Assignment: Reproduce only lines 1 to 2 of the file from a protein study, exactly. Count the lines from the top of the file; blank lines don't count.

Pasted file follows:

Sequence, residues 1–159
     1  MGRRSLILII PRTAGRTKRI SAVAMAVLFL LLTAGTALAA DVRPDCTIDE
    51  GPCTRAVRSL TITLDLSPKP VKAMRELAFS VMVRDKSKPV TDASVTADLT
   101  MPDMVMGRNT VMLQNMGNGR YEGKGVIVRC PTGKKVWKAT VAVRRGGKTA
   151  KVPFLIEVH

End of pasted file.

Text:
Sequence, residues 1–159
     1  MGRRSLILII PRTAGRTKRI SAVAMAVLFL LLTAGTALAA DVRPDCTIDE